ODBC: PostgreSQL File Not Found AFTER Select from Oracle

The program uses PostgreSQL. However once a day, it pulls data from an Oracle server into a couple of Memory files, runs a process procedure, and writes the data to a PG table. This has been reliable for several years.

After completion of the above, if I attempt to open a related PG table or view, I get an Oracle table or view does not exist error (ORA-00942). This error does not occur if the program is closed, reopened, & the same PG browse called. It seems almost as if the ODBC driver will only connect with the Oracle server once that connection has been used.

Any suggestions or further details I can check?

I guess the first thing would be to make sure that you have actually closed the Oracle file. If you have, then you shouldn’t still have an open connection to the Oracle database, which you clearly do have.

You could create a little procedure to check. In the Individual overrides for the Oracle file, click the FileManager Options for button. Derive the class and create a new method called Stillopen or something, and get it to return Self.Opened. Call it at the point where you think the file should have been closed. If the number returned is not zero, you have a problem. You could also put a loop in there to call Access:<>.close until none are left open.

Maybe you have declared a relationship on your Oracle file with one of your postgres files, so opening the postgres file also opened the Oracle file?

Jon -

Thanks for the quick reply. My thinking about what to check has been much the same.

The Oracle tables do not have any relationships defined. I have confirmed that Oracle table open/close calls are all matched. I also added an OraTable{ PROP:Disconnect} call based on the Clarion docs that should insure that the connection is closed.

I’ve also seen similar behaviour back in C6. Looked for all the world like clarion got confused and used the wrong connection, or rather continued to use the one connection.
I had thought that fixed

How are you declaring your tables and connection strings?

Tables declared in Dct - so using the FileManagerClass.
Two global connection variables, one for Oracle, one for PostgreSQL. The values are set at startup and never change.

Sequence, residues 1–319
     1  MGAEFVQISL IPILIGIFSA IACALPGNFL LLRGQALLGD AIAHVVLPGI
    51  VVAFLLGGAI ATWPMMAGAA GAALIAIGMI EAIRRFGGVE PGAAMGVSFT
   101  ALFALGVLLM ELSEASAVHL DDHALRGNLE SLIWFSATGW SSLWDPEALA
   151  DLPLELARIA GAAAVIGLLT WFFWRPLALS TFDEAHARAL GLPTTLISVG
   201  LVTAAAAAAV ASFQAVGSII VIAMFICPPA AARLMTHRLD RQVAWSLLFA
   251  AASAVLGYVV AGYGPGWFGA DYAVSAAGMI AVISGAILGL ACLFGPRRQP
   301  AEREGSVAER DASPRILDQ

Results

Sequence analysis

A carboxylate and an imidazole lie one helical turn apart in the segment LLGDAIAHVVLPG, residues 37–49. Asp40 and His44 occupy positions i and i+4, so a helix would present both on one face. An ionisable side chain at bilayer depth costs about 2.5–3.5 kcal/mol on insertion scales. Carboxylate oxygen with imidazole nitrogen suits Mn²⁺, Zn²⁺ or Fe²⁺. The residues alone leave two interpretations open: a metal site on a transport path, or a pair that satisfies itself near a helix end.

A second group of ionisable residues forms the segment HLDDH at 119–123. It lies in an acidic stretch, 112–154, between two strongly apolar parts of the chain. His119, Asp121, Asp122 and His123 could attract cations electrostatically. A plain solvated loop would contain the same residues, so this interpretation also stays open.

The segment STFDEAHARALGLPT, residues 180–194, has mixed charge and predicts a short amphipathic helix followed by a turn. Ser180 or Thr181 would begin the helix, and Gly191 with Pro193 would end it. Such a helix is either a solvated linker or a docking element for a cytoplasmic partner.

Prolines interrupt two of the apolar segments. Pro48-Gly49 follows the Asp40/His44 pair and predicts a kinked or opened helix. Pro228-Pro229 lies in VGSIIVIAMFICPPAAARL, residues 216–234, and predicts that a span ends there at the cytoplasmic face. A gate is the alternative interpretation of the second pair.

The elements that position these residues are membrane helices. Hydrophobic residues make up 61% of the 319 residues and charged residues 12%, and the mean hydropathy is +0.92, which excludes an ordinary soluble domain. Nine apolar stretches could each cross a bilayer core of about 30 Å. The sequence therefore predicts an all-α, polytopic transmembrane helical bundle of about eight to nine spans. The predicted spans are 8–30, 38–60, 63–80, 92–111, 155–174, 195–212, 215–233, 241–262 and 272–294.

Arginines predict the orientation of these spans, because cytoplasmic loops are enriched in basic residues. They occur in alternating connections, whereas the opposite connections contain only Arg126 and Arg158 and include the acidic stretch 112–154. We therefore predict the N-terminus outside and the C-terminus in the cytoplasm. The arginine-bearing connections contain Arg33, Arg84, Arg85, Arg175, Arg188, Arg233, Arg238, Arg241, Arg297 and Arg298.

Can you show the table definitions?

There are a few others, but this is the primary Oracle table.

CIWJournal.txt (2.4 KB)

That is only one table.
Are you using the same table and trying to connect with it to Oracle sometimes and PostgreSQL other times?

No. The corresponding PostgreSQL table is slightly different. That is why the Oracle data is processed before written to PG.

And to be clear, after processing, the Oracle table or view does not exist error will be given when opening a completely different PG table or view that is not involved in the processing.

Every table is declared as either a PG or Oracle table, right? No changing prop:owner on a table.
What is your prop:BusyHandling setting?
Do you use /TurboSQL on any table in the system. I had to abandon TurboSQL in systems that connected to multiple databases because the system would attempt to use the wrong database. Not just with the TurboSQL tables, but regular tables, too. Using TURBOSQL driver string for a normal SQL table?

Yes, every table declared as either PG or Oracle. No PROP:Owner changes.
Have not set PROP:BusyHandling. I will take a look, but seems unlikely to be involved.
All Oracle tables have /TurboSQL. It is not set for any PG tables.
This is easy enough to remove and test since only 5 Oracle tables are involved. Thank you.

I guess you are using ODBC to access the Oracle tables? Since turbosql is not supported by the oracle driver. Any real reason why you are using it? It might save you a fraction of a second on opening the table.

From my morning test, I was just reminded why I am using it on Oracle tables.

The Oracle table definition in my Dct does NOT exactly match the Oracle table on the server.
Instead, it is essentially a view with one additional column from another Oracle table. The join between these two tables is a real pain in the backside (7 columns involved) that is determined by the anonymous administrators of the Oracle data. It therefore is much easier to UseSQL to define the query and not enter everything in the Dct. Without turbosql, the check to match the server definition fails.

I should note that this Oracle data has been processed since 2007. It is only with the recent need to include this process in an app with other procedures that the Oracle error was noticed when accessing PG tables.

If /turboSQL is the cause of your problem and you need to get rid of it, I guess the choices are:

  1. Set up a view on the server that has all the columns you need.
  2. Set up the table from which you grab the additional field as an additional table in your clarion dictionary, and have clarion construct the view (probably using a custom join condition that you provide)

While I haven’t yet absolutely confirmed that /turboSQL is the problem, I agree with your choices. Unfortunately, #1 is out as I have no control or input on the Oracle server.